https://www.tcrecord.org ID Number: 18168, Date Accessed: 12/7/2021 10:59:31 AM

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About the Author
  • Mary Capraro
    Texas A&M University
    E-mail Author
    MARY M. CAPRARO received her Ph.D. from the University of Southern Mississippi. She joined Texas A&M University in 2000 as a clinical professor in Mathematics Education. She earned a position as an Assistant Professor in the Department of Teaching, Learning, and Culture in 2007 and was promoted to Associate Professor in 2011. Her research interests include teacher knowledge and preparation in mathematics education and student understanding of mathematical concepts. She was previously employed with the Miami Dade County Schools as both a teacher and an assistant principal. She has over 80 peer-reviewed articles, and 95 national and international presentations. She is currently Co-PI of the Aggie STEM Center and works extensively with public schools and school districts around Texas planning mathematics PDs and designing interdisciplinary project-based learning activities.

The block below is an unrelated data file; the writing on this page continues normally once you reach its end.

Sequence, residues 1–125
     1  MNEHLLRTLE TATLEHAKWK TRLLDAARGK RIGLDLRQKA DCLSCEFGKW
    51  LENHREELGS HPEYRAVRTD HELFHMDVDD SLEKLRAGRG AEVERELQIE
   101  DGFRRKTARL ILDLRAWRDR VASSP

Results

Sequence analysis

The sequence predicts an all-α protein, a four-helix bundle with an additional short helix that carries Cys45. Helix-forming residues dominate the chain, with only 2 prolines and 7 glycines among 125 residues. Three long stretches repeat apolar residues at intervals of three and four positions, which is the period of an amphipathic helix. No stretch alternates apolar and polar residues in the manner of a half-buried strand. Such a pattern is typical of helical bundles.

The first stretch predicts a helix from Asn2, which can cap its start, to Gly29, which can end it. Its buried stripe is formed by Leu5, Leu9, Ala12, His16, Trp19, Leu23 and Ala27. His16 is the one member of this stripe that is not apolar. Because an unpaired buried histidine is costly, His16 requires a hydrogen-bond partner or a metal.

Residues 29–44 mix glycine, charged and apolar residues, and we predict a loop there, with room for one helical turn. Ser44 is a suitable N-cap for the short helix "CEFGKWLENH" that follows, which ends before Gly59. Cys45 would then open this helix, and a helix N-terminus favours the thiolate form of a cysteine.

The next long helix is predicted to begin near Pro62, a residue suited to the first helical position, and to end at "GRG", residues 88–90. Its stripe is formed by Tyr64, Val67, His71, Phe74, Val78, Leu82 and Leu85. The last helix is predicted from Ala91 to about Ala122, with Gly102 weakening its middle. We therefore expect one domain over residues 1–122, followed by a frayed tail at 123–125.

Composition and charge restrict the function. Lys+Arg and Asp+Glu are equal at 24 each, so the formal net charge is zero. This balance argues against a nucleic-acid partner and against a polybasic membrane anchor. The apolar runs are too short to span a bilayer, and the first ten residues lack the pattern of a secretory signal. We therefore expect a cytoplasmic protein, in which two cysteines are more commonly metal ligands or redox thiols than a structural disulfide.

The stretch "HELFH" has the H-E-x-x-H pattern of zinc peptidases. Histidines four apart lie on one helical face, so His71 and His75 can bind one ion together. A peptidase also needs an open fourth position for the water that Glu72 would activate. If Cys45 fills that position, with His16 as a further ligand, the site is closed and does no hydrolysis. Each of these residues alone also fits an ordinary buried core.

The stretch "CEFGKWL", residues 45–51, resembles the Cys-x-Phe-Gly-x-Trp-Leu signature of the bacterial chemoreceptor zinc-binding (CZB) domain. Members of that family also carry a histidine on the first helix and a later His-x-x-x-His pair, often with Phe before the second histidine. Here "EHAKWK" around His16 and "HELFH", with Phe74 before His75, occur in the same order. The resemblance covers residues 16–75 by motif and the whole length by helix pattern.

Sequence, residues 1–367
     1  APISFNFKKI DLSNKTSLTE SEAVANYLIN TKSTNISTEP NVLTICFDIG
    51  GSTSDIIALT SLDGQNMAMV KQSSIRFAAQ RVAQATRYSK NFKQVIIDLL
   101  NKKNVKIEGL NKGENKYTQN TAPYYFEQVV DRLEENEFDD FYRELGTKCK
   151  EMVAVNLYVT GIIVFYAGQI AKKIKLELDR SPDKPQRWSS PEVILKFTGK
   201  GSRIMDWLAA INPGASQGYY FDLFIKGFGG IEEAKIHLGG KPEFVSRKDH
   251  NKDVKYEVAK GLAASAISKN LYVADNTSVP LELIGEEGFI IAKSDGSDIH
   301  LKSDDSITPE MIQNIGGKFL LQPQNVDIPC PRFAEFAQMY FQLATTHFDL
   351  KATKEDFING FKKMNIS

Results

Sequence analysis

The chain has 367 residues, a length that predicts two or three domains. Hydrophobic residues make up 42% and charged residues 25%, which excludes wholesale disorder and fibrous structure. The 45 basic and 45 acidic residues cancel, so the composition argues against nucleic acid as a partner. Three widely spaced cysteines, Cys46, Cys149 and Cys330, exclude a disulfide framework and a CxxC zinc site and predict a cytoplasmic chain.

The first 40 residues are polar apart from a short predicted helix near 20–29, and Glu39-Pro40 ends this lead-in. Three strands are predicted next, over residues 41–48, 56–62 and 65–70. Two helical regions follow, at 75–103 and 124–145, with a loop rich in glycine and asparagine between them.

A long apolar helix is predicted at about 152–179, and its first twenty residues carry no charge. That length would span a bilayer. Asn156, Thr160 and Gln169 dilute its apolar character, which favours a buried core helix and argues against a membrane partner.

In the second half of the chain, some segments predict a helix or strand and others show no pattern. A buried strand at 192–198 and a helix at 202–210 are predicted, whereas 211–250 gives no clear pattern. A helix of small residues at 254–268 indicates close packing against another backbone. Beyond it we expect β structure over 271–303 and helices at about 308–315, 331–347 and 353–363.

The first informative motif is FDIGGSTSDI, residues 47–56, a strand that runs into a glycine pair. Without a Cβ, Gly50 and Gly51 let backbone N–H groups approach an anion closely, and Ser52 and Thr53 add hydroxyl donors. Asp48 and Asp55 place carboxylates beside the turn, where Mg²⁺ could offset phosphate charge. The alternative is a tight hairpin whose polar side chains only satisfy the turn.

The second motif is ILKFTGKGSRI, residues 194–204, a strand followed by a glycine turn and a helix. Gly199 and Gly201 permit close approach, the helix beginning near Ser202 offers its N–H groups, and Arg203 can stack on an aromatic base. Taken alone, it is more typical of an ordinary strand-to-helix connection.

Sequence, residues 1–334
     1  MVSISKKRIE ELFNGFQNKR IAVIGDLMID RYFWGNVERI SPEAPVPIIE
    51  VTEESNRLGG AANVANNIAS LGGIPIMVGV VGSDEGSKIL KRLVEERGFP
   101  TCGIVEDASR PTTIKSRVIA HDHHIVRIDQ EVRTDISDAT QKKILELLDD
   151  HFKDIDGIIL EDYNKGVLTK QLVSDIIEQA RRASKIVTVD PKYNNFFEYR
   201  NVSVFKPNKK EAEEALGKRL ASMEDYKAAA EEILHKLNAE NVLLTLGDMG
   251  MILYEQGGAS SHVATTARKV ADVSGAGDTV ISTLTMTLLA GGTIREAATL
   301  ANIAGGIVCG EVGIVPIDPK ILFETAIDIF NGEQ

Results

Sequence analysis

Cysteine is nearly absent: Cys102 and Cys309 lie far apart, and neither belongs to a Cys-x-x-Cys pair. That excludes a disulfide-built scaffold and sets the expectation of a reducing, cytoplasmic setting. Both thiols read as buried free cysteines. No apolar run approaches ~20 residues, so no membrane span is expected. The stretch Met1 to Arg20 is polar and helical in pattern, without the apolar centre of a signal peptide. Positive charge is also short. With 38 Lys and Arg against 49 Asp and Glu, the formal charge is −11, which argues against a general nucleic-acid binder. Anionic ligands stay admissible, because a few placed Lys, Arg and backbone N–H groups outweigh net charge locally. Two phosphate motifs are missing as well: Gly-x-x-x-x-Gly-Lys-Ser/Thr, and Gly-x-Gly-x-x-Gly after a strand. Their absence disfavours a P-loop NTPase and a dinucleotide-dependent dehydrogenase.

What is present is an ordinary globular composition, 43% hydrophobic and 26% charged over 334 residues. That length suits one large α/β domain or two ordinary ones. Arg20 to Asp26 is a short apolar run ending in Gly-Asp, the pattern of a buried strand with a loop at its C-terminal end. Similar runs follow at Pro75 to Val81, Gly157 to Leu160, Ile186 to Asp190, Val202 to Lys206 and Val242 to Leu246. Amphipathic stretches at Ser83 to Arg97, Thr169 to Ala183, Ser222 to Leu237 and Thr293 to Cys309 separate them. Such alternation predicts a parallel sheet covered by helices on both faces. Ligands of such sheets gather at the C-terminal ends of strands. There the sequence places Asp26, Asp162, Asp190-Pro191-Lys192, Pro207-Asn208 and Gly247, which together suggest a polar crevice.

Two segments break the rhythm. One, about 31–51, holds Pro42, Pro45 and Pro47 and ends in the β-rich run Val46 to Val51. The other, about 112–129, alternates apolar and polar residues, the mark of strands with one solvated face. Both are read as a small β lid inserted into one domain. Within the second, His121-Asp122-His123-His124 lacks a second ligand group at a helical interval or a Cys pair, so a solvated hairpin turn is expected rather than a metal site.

• Mahati Kopparla
    Texas A&M University
    E-mail Author
    MAHATI KOPPARLA received her masterís in applied mathematics from the University of Hyderabad, India. She is pursuing her Ph.D. in mathematics education at Texas A&M University. Her research interests include transition of high school to college mathematics and students with mathematics disabilities.